The scene changes to the splendid mansion of the Imperial Tutor. Here, in the apartments assigned him by his father-in-law, Tsai-yong, dejected and ill at ease in his high rank, feels that he must bid adieu to the flowers of Spring'-pleasure he can know no more. Again and again, he refuses to tell the cause of his grief to his new wife Nieou-chi, who at last withdraws, quoting the Chinese proverb, 'Let each sweep the snow from before his own door without troubling himself about the hoarfrost on his neighbour's roof.' But she overhears Tsai-yong's soliloquy-a pardonable weakness of the Chinese theatre and learning his ardent desire to revisit his parents she returns and promises to aid her husband in gaining her father's
And now Tchao-ou-niang is nearing the capital. the monastery and temple of Amida-Bouddha she begs for alms and sings a song relating her sad story. But neither the Superior of the monastery, nor a couple of buffoons who have just tricked him into the belief that they are men of wealth and willing to subscribe to the funds of the institution, have anything to give her. In the temple-service it happens to be a special day. 'Strangers, persons of distinction, all the faithful who desire to offer public prayers to the god Fo for their parents living or dead,' says the pompous Superior, ‘are coming to take part in our assembly.' Presently Tsai-yong, in the dress of Tchoang-youen, enters the temple and is received with servile alacrity by the Superior and his assistants. The great man's appearance is the signal for the instant dismissal of the poor singing beggar Tchao-ou-niang, who in her hurry leaves behind the portrait of her husband's parents. The Tchoang-youen, observing the roll lying on the floor, orders the Superior to take it up, and in the hands of a servant it afterwards finds its way to the grand library of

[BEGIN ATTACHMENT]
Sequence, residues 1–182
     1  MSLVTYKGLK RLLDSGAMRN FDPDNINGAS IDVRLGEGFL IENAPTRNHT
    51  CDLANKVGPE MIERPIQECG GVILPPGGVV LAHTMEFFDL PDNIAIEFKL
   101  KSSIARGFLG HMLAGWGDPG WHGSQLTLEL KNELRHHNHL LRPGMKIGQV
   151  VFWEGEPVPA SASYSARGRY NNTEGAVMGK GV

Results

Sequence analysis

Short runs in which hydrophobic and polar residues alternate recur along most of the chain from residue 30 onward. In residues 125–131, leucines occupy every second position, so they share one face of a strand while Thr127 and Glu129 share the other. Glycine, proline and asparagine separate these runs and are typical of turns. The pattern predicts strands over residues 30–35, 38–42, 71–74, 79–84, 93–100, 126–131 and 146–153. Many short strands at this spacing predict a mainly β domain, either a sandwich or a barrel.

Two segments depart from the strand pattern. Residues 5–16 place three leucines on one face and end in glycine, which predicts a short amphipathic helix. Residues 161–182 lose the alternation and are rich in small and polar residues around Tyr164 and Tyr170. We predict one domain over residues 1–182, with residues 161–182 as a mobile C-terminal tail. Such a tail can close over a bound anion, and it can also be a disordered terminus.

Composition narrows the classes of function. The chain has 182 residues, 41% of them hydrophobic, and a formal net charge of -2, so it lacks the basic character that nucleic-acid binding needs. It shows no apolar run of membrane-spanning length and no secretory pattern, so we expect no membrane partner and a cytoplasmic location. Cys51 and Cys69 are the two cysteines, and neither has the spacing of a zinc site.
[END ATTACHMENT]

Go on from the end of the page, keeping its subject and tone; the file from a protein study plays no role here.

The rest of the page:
This scene in the temple is peculiarly interesting. There are many strokes of satire at the greed of priests, and the prayer offered by the officiating priest is a strange medley of jest and earnest, prayer, exhortation and description. Fo has come to China to save
the multitude. With crossed legs he sits upon the lotus flower, his body all glittering with light. He is the great Phou-sa, the great Sa or Mahasa of ten countries and three worlds, the Pan-jo-po-lotang Po-lo-tang,' cries the Superior, interrupting the officiating priest who has got confused with his many names for Bouddha, 'you are wrong there-it is Po-lo-mi you should say.' 'What matter?' answers the imperturbable Bonze; if tang (sugar) is sweet, is not mi (honey) sweet also?' And he calmly continues the prayer: 'Nan-wou, Nan-wou, you are the Bouddha of ten countries, the law of ten countries, the pontiff of ten countries. Heaven's Sovereign loves to give life to his creatures, not to destroy. He who does right has before him a vista of happiness-he who does wrong, a vista of sufferings . . . Good men and women enjoy a life of bliss, crying "Ha-ha." Hark to the drum of the great law-tong, tong; tong, tong. Hark to the cymbal of the great law-tcha, tcha; tcha, tcha. The little copper bells are ringing-tchin, tchin; tchin, tchin. Yonder are the priests with their wooden rattles in their hands-pi-pi-po-po. Down on your knees before Bouddha; I am offering prayers for the health and happiness of His Excellency's father, mother, and wife. Nan-wou, Nan-wou, carry over the men of the time to the other shore!' And so ends this astounding medley, in which not the least effective part is the unconscious prayer for the unknown beggar who has just been so rudely dismissed.